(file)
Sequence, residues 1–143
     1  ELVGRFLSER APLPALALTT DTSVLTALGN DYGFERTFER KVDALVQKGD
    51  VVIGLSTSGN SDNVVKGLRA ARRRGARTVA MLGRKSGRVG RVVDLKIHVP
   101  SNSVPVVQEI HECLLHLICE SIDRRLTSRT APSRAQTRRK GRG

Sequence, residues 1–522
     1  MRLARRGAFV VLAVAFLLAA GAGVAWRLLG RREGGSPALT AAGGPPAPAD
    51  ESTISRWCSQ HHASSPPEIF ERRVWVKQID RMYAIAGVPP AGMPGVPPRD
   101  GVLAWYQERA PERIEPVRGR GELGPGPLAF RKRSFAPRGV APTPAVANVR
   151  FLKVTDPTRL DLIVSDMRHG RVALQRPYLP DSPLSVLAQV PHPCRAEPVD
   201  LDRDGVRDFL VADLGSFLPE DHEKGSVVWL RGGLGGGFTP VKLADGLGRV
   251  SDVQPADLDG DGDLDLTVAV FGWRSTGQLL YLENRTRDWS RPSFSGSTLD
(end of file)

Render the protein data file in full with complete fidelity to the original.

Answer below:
Sequence, residues 1–143
     1  ELVGRFLSER APLPALALTT DTSVLTALGN DYGFERTFER KVDALVQKGD
    51  VVIGLSTSGN SDNVVKGLRA ARRRGARTVA MLGRKSGRVG RVVDLKIHVP
   101  SNSVPVVQEI HECLLHLICE SIDRRLTSRT APSRAQTRRK GRG

Sequence, residues 1–522
     1  MRLARRGAFV VLAVAFLLAA GAGVAWRLLG RREGGSPALT AAGGPPAPAD
    51  ESTISRWCSQ HHASSPPEIF ERRVWVKQID RMYAIAGVPP AGMPGVPPRD
   101  GVLAWYQERA PERIEPVRGR GELGPGPLAF RKRSFAPRGV APTPAVANVR
   151  FLKVTDPTRL DLIVSDMRHG RVALQRPYLP DSPLSVLAQV PHPCRAEPVD
   201  LDRDGVRDFL VADLGSFLPE DHEKGSVVWL RGGLGGGFTP VKLADGLGRV
   251  SDVQPADLDG DGDLDLTVAV FGWRSTGQLL YLENRTRDWS RPSFSGSTLD